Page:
According to Box Office Mojo, three films from 2014 cracked the top 10 Christian films list: Heaven Is For Real, God’s Not Dead, and Son of God (numbers 5-7, respectively). In the top 20 were When the Game Stands Tall (#12), Left Behind (#14), and Mom’s Night Out (#19). A total of 14 films from 2014 were in the top 100, pulling in a domestic sum of ~$275 million, the highest in 10 years, not counting the Disney-produced Narnia films. (The #1 film remains Mel Gibson’s The Passion of the Christ at ~$300 million, or about ~$600 worldwide, so let’s consider it a tough act to follow.) Even major studios got in on the fun: 20th Century Fox and Sony distributed Son of God and Heaven Is For Real (the latter being an opportunity to plug Spider-Man). Although not made by or for Christians, Darren Aronofsky’s Noah reignited the biblical epic (without a Steve Carell in sight) to the tune of $325 million worldwide, and we’re still awaiting Ridley Scott’s Exodus, a big-budget retelling of the Moses saga, to arrive this month.
Meanwhile, non-mainstream arthouse films about faith and religion came and went: Nothing Bad Can Happen, Calvary, and The Overnighters. Unbothered with cornering a market, these outliers represent the ever present, striking contrast. Unlike the mainstream fare, these films weren’t swimming in the self-righteous fantasia most Christian films portray; these were real downer jams that graced the surface before plunging into the unplumbed depths of human misery. Each of their protagonists met some sort of doom in the end, with the morals and lessons learned being harsh and pragmatic. In short, these films didn’t stand a chance to share the same successes as their crowd-pleasing adversaries. These pictures would play at film festivals with weird words like “Cannes” and later in “fruity” metropolises to the drooling smarty-pants four-eyed goons. Out of my window, I can almost hear the Gregorian chant of “suck it” emitting from the Christian studios’ offices.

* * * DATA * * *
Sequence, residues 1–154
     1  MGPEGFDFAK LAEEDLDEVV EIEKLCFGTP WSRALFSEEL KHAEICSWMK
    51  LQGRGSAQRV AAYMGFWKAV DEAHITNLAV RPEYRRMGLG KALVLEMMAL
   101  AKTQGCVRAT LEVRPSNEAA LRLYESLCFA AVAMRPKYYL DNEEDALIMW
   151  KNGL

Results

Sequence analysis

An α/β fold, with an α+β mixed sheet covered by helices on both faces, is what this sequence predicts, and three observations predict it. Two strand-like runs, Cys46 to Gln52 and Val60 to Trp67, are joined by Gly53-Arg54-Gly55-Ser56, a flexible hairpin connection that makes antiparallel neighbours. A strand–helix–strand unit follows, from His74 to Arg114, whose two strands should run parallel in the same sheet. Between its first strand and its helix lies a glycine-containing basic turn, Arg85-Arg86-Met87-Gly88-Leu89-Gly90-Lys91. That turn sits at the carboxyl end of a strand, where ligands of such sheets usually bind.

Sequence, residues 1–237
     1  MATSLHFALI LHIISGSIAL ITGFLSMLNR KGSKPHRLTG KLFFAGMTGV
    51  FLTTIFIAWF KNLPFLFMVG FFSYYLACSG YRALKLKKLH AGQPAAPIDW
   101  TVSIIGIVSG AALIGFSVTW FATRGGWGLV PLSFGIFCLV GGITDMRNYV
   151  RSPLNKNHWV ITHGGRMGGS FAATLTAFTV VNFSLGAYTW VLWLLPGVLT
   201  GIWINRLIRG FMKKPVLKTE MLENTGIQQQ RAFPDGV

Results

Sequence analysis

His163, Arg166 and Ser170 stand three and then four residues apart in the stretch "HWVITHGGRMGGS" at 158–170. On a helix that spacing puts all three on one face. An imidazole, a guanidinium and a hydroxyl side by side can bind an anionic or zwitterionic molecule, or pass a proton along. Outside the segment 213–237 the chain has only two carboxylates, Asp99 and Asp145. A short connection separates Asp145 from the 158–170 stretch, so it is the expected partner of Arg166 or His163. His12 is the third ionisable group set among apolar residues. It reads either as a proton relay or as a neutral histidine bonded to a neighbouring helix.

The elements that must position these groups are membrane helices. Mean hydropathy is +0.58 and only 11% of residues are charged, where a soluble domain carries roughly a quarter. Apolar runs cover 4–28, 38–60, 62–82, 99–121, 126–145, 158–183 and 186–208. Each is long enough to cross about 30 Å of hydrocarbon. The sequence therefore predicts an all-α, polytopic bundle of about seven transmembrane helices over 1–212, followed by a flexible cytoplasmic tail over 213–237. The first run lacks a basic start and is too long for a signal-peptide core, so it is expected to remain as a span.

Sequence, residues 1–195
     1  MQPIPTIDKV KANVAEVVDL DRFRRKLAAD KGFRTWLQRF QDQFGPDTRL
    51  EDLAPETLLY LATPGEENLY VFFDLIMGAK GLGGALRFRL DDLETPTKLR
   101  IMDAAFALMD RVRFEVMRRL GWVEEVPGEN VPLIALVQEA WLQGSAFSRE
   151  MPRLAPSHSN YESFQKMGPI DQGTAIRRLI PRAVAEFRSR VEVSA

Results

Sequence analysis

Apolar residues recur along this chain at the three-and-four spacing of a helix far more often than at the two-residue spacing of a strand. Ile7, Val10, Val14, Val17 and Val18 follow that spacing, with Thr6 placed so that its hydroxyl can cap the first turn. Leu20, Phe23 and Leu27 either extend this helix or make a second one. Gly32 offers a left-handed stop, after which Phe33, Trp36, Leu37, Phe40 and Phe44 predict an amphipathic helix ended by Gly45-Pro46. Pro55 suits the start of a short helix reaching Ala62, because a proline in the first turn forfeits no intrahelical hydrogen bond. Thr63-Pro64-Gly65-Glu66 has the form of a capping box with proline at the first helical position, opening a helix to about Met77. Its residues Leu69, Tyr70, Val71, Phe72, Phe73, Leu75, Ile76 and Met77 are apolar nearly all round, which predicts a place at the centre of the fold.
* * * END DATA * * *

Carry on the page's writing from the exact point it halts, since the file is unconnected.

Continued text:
Christian Films Are Horrifying
Still from Christopher Spencer’s “Son of God”
I’m struck by how similar the Christian and horror genres are, and not just because when they achieve astronomic receipt numbers, it’s often in spite of critical consensus. Both thrive on independent productions and studio releasing. Both have a vibrant home video market. Both share an interest in afterlife mythology. Both genres are ripe for crossover (Blood Freak, The Exorcist, this year’s The Remaining). Both have a fascination in and fear of the unknown. To get more specific, the heavenly dimpled witness in Heaven Is For Real speaks more articulately than most 40 year olds when he’s not smiling like The Omen’s Damien. Kirk Cameron’s Saving Christmas is padded with slow-motion dancing little girls and face-first nosedives into presents that wouldn’t look out of place in a Lynchian nightmare.
There’s even something to be said about the way both genres validate violence, whether self-inflicted or outward, in the name of good: The glorification of Christ’s death as a reason for faith. Father Karras’s violent suicide in The Exorcist. The daughter in Heaven Is For Real punching a pair of playground bullies, a move doted on by her pastor father. One of Saving Christmas’s major points is the validation of St. Nicholas, who kicked ass for the Lord, justified by Cameron shrugging, “There was no time for political correctness back then.”